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The 3 real jobs of a VP

So you’re a VP? Heading up a department with multiple teams and managers, interfacing with Directors and the C-Suite?

It may feel like you need to know everything that goes on in your dept, to specify and check work.

When managers become leaders there’s a trap which is easy to fall into – continuing with a manager mindset. It’s a sure-fire way to fail as a leader. Let’s see why.

“when a minister actually starts to run his department things are not going pretty well actually, they are actually going pretty badly.”

I’ve recently been digging into the old BBC TV series Yes, Minister. It’s a surprisingly light and funny watch and, more interestingly, it’s full of thinly-veiled truisms about leadership.

In the episode The Right To Know (S01E6) the first 5 mins contain gold with respect to a leader’s real jobs.

The Minister’s personal secretary is telling the lead civil servant that the Minister has been reviewing processes with staff lower down in the civil service.

Lead Civil Servant

Bernard, this has to be stopped at once… if he talks to the underlings he may learn things that we don’t know – our whole position could be undermined. It is folly to increase your knowledge at the expense of your authority…

Would you say that the minister is starting to run the department?

Minister’s Secretary

Oh yes indeed, actually things are going pretty well, actually.

Lead Civil Servant

No, Bernard, when a minister actually starts to run his department things are not going pretty well actually, they are actually going pretty badly.

Minister’s Secretary

Isn’t it the minister’s job to run the department?

Lead Civil Servant

No, Bernard, it is our job, or to be more precise, it is my job for which I have had 25 years experience and training. 

Minister’s Secretary

What should he do then?

Lead Civil Servant

Bernard, a minister has three functions. First, as an advocate. Making the department’s actions seem plausible to Parliament and Public. He is, in fact, our Public Relations man. Second, he is our man in Westminster, steering our legislation through Parliament. And third, he is our breadwinner. He has to fight in cabinet for the money we need to run our department. But he is NOT here to review departmental procedures with principals and assistant secretaries!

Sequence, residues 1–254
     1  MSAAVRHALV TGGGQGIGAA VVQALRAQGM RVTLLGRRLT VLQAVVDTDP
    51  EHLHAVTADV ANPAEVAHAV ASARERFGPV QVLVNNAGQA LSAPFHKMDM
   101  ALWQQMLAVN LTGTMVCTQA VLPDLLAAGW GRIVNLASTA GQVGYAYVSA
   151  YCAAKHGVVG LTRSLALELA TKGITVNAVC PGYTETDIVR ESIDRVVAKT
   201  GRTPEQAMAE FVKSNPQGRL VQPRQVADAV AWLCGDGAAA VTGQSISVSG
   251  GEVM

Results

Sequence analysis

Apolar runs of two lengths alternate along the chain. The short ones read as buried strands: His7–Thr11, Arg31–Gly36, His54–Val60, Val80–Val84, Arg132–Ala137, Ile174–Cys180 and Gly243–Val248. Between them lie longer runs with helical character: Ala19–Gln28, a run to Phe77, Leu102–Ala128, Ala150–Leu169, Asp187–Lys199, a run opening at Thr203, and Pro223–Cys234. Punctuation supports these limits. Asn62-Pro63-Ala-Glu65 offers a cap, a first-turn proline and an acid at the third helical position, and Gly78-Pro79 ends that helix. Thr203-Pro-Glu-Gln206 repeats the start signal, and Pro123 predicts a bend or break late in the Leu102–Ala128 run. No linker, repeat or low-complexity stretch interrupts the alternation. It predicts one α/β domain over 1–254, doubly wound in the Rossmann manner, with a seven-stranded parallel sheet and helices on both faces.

Minister’s Secretary

But what if he’s got the time?

Lead Civil Servant

WHY has he got the time?! He shouldn’t have the time, that’s YOUR fault, Bernard! You’re here to ensure that he hasn’t got the time. Create activity, Bernard. He should be making speeches, provincial visits. We need deputations, junkets abroad… Pull yourself together, Bernard! … make sure he spends more time where he can’t get under our feet and can’t do any damage.”   

Minister’s Secretary

But where?

Lead Civil Servant

Well – the House of Commons, for instance.

Yes, Minister. The Right To Know (S01E6)

Setting aside the Britishisms and the humour, the point stands that Leaders are not most useful when engaged in low-level, hands-on work.

We can translate the 3 jobs of the minister above into the equivalent for business leaders, especially departmental leaders.

The 3 jobs

  1. Be an Advocate – You are their public-relations representative. You are responsible for representing your dept’s work in the best light possible. To find the value and the narratives that support the perception and reputation of your department.
  2. Be a Representative – You are their person in the board room. You are responsible for representing your department at the levels above you. You clearly understand what you need to make your department successful and you consistently drive forward the executive buy in and support from other departments needed to ensure that success.
  3. Be a Breadwinner – You fight to get the money they need to run the department.

Why leaders shouldn’t behave like managers

When leaders act like managers there are a number of problems.

First, they aren’t doing the 3 jobs above. This means the department is weak and will see:

  • An erosion of reputation
  • A reduction in clarity of, and support for, their work
  • A diminishing budget.

Secondly, the actual managers and employees will be constantly disrupted by the leader interfering in the work that they are doing (and which they know more about). This leads to:

  • Bottlenecks where low-level work has to be approved by the leader.
  • Learned helplessness which means that managers and staff are not permitted to simply do their jobs without having it second-guessed by the leader.
  • Low morale caused by all of the factors above.

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